Boris Johnson’s ‘partygate’ fine will see him punished at the ballot box

One former Downing Street insider suggested on Tuesday night that the Prime Minister could call Mr Sunak’s bluff by suddenly announcing to the House that he had decided to scrap the health and social care levy, a move guaranteed to win over backbenchers and swathes of the general public.

“The only trouble is that would require the sort of forward thinking that Number 10 currently seems to lack,” the source added.

In a rare moment of acuity, Sir Ed Davey, the Liberal Democrat leader, summed up the problem for the opposition by saying: “No other leader in any other organisation would be allowed to continue after law-breaking on this scale.”

Indeed not. Because Mr Johnson is unlike any other leader. No other leader, after walking the streets of Ukraine with Volodymyr Zelensky at the weekend, would prompt the war-torn country’s parliament to declare to the world: “Be brave, like Boris.”

So if it had not been for Ukraine, the cost of living crisis and Mr Sunak’s sudden fall from grace, Mr Johnson would undoubtedly be under much more pressure to step down right now.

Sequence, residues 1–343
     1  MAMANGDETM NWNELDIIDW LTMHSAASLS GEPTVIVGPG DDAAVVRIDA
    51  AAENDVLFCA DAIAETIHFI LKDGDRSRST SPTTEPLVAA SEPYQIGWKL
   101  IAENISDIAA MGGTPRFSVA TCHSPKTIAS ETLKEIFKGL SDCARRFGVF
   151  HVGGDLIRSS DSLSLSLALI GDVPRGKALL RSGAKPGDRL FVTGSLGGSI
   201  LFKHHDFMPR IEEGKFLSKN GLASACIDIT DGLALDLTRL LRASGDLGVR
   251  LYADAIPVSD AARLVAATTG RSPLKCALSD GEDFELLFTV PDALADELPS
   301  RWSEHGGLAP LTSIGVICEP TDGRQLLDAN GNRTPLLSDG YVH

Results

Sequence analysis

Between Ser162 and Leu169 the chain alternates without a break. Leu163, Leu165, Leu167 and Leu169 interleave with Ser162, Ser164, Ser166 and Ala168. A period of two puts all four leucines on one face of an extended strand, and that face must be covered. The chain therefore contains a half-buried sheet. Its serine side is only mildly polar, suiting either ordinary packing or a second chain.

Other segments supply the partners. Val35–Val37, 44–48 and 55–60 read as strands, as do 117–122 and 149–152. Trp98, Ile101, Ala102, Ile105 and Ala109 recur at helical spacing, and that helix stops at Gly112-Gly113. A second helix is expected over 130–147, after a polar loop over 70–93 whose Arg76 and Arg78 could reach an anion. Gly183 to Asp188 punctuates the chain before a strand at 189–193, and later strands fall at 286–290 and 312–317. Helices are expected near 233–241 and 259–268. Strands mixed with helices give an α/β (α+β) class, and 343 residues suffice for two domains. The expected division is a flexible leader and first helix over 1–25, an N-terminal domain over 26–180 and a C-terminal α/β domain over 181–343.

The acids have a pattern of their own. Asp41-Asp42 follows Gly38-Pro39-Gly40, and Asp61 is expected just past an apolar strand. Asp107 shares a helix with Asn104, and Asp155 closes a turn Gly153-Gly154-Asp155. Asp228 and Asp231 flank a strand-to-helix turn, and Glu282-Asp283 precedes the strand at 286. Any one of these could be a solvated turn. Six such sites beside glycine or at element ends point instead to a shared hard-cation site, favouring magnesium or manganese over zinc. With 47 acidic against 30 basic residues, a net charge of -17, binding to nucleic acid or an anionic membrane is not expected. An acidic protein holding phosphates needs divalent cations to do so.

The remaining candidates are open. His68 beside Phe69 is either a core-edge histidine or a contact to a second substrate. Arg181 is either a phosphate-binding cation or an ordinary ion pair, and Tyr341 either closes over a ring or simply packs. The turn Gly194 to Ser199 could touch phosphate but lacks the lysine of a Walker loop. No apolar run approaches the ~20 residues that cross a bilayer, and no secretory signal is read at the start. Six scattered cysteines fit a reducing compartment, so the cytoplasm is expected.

But the Prime Minister has been having a good war, even if the surveys suggest he is losing the battle on the home front.

His hero Sir Winston Churchill famously said that “failure is not fatal, it’s the courage to continue that counts”. Yet will the British public view Mr Johnson as “brave” for clinging on to power?

Some certainly will – and there is no denying that the Prime Minister retains a significant fan base which, having already priced in his casual relationship with the truth, regards him as the victim of a witch-hunt.

Others will rightly point out that the Covid rules were ridiculous in the first place, clinging on to the hope that a Prime Minister hoist by his own petard will be less liberal with his dispensing of our civil liberties in future.

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